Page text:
Farron Cousins:                  And it’s about time.

Mike Papantonio:             That’s self-serving advertising agendas. The fact, this is startling to me, that they felt like the, the media is trying to engage in social engineering that offended, that’s offensive to them. Their point being, just give me the news. Another point was that it’s being driven, that all the media is being driven by the top 1% elite. But I, I don’t think you can put it all on the media, do you?

Farron Cousins:                  No, I, I think a lot of it has to do with, you know, people just in general seeking out information that just reaffirms what they already believe.

Mike Papantonio:             Mm-hmm.

Farron Cousins:                  You know, the stuff they want to hear. And, and we, we do see that all the time, you know, we see it on the left, we see it on the right. People only want to know what they think they already know or something, of course, as you pointed out that the hate agenda that’s gonna make ’em angry, or that’s gonna show that, hey, this person you dislike did another bad thing. I mean that, that’s what most of all online media is today.

Mike Papantonio:             Yeah. Well, they’re, microfocused on their agenda. It’s almost childlike. You and I joke all the time, we can put up a story that this, the headlines can be cancer, I mean, is cured. Cancer is, is cured, cured last Wednesday. And we can put that story up and then right underneath the story with our, I guess, with our group of folks that follow it, we can put Trump hatred. We can put Republican hatred. We can put anything that, that, that, that falls on Trump hatred. That sh, that story will get more or as many as cured cancer. Now, why is that?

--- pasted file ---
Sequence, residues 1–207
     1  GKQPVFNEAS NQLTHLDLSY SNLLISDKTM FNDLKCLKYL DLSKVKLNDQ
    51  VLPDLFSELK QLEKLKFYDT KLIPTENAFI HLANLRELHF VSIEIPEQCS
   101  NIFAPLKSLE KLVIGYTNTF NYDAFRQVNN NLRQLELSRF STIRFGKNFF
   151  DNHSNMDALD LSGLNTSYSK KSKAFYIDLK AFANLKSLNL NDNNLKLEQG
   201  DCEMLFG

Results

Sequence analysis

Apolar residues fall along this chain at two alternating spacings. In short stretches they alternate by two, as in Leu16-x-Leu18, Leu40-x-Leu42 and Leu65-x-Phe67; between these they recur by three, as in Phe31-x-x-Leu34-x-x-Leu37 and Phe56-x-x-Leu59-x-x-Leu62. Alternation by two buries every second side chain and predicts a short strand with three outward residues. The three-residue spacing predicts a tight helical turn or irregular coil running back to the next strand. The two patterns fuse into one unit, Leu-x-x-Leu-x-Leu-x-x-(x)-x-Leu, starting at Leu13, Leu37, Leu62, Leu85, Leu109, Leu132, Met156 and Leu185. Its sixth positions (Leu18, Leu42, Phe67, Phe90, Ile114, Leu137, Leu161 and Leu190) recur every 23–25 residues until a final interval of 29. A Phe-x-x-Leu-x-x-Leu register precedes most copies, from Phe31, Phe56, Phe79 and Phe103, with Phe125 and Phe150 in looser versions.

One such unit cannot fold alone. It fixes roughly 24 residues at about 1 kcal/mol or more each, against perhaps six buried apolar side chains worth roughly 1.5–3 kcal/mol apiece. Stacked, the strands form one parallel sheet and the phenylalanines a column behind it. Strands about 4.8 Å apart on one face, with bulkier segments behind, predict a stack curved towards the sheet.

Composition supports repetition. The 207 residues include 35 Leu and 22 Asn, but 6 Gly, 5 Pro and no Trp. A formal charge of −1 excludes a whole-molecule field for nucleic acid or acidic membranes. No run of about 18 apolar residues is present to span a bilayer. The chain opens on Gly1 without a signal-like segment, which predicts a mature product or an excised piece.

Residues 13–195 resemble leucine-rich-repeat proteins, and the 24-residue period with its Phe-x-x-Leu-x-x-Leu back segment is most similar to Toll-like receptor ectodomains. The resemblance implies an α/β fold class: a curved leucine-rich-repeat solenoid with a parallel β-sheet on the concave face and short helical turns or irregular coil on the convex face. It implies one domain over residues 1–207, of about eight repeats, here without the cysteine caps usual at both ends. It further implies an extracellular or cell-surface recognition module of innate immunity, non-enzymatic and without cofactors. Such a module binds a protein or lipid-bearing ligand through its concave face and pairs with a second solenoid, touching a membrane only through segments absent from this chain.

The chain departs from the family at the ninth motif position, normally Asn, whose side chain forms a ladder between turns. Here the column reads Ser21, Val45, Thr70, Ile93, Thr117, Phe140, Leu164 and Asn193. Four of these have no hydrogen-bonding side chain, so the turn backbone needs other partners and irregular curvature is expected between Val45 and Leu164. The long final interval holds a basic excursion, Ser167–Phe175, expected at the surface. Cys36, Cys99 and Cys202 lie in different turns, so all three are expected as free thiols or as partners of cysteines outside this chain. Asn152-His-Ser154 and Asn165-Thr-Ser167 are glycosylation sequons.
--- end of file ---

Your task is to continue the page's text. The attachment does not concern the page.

Farron Cousins:                  Well, again, people seek out the information that they think is gonna make them feel better. You know, that reaffirms whatever it is they already believe. And again, you know, it’s, it’s not just us. It’s, it’s everybody.

Mike Papantonio:             Yeah.

Farron Cousins:                  With any kind of, you know, political YouTube channel. We, we see it all the time on the left, on the right. The right is saying, oh, the left is terrible. Watch this horrible thing. Oh, the right is terrible. Watch this horrible thing. And in between that, you know, we, we always try to give real news, real factual things. We’re not afraid to go after both sides when they deserve it.

Mike Papantonio:             But what, watch what happens when we do that. You see, if I stand up here and even talk about the middle, here, here’s the middle position, the outrage is ridic. You know, Farron why are you doing the show with Pap? Pap, you know, you’ve turned into right. It, it’s, the problem is it’s almost a childlike analysis. I only want to eat the ice cream. I don’t want to eat the vegetables. And so, so the news is no longer the vegetables, the news is all ice cream. Here, you’re a right-winger, here’s your news. You’re a left wing progressive. We know this is all you want to listen to because apparently it’s too painful to listen to anything else. So here it is. It’s a dangerous place that we are right now.